I stuffed the remains of my favorite blueberry waffle into my mouth—very un-girly, I know— and escaped the cafeteria.
It was Saturday, so we weren’t having any classes. However, each person was required to go outside. I was just pondering about what to do when Calliope burst in with a big smiley face and grabbed me by the elbow.
“It’s a nice day. What’s your plan?” she sang; singing was NOT her thing, but I decided not to point that out. Despite this, everyone knew that Calliope could acquire the title of a Muse, which was basically a goddess in the arts field. I think she could be the Muse of Epic Poetry.
The only clothing store in miles was just on the brink of the cliff. Sometimes I wondered what was beyond the canyons that seemed to have no end. Were there other gods and goddesses?
It was truly a pleasure to be with Calliope. She was every bit like the popular girls, yet she had nothing in common with them. She was this cool girl that I could never be, but I wanted to act like she did, to dress like she did, to talk to boys like she did.
She must have caught the look in my eyes, because she raised her eyebrows in a question and asked, “Is it Apollo?”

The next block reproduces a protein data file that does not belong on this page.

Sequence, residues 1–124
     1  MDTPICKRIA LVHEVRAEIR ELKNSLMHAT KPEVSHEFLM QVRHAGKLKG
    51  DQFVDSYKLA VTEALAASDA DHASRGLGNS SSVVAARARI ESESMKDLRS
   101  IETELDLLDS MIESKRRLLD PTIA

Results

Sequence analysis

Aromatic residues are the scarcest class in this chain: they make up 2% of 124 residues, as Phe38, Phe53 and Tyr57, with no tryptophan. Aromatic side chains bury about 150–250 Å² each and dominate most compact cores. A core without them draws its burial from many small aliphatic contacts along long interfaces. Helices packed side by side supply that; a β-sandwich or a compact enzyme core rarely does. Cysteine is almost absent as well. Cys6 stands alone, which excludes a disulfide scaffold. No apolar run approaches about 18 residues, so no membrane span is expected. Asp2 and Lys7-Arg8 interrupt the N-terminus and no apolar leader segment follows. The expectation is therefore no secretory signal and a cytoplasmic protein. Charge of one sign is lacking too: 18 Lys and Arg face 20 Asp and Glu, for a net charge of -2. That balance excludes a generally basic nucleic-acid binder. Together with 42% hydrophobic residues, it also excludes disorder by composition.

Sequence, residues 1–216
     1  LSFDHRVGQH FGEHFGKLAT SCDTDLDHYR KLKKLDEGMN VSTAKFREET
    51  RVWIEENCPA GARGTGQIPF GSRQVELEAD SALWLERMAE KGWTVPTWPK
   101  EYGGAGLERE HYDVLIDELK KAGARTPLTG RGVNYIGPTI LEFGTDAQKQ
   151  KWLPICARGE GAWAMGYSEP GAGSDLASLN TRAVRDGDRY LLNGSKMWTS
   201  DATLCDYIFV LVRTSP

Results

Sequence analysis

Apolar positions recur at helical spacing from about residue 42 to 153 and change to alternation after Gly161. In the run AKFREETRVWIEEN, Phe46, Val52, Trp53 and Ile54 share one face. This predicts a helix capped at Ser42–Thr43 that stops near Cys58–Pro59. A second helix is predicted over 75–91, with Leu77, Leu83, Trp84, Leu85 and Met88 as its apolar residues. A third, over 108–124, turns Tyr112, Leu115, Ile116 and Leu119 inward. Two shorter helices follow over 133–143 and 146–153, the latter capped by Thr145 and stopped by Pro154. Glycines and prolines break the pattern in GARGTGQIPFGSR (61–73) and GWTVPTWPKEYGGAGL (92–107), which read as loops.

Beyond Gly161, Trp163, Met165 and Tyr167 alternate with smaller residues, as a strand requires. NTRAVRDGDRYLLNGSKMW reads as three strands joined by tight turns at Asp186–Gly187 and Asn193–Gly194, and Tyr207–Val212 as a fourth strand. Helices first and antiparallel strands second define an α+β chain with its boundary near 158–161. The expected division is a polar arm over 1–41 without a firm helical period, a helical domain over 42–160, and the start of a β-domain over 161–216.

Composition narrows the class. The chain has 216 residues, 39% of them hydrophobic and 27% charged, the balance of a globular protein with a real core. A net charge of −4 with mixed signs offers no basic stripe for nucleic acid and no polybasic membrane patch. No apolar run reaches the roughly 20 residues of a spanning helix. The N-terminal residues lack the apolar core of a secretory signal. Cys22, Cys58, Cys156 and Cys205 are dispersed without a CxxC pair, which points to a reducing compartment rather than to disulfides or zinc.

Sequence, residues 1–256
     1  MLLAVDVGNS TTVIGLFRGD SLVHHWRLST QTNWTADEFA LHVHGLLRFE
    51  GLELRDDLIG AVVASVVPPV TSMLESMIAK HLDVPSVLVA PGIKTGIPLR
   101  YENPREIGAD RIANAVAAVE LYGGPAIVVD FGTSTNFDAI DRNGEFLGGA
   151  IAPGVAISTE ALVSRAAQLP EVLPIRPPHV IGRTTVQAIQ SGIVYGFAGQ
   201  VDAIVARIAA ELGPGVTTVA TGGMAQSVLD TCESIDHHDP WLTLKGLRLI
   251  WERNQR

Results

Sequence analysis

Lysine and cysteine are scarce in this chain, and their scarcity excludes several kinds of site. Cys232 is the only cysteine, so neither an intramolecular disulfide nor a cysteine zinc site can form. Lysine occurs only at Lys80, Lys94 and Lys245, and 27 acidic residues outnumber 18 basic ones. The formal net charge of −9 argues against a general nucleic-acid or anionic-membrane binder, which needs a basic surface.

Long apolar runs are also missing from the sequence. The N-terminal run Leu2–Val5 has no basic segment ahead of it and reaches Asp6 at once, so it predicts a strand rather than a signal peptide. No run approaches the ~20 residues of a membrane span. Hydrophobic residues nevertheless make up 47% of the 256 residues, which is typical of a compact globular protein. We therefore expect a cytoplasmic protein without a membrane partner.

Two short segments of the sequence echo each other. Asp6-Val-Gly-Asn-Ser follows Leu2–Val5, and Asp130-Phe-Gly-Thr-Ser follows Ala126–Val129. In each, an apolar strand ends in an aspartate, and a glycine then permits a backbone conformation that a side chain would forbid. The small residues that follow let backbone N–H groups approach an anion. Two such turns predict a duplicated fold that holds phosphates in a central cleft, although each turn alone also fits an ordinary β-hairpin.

“What? No!” I grimaced.
“I do want to know something, though,” I said casually.
“How did you put up with Apollo?”
Calliope’s eyes smiled with laughter. Her memory of him was not unpleasant, yet it was not something to savor on. “Unlike his other girlfriends, I don’t believe in promises. I knew that eventually we would break up.”
I nodded. In the store, she began to throw cloths in a basket that allowed you to carry so much items that when it was full, half of the store’s outfits were in it. I was secretly satisfied that Calliope was helping me—she must have known what was best for me.
I stayed in my dorm room for the rest of the day, because I had the feeling that someone was standing outside my door. Not Poseidon, not anyone else.
“Persephone,” someone said, knocking the door. I was startled, but thankfully the voice didn’t belong to Apollo. Thus I opened the door and came face-to-face with Hades.
“What are you doing here?” That came out wrong. I corrected myself. “Do you want to see me?”
“I just passed the Exam.”
At this moment, Apollo’s blonde head popped out from behind the door frame. Thankfully, I didn’t have to say anything because Hades said, “Would you like to see what I can do?” Then he turned to glare at Apollo, who quickly retreated out of sight.
It was just the timely invitation I needed.
(featured photo by Ryan McGurie, on gratisography.com)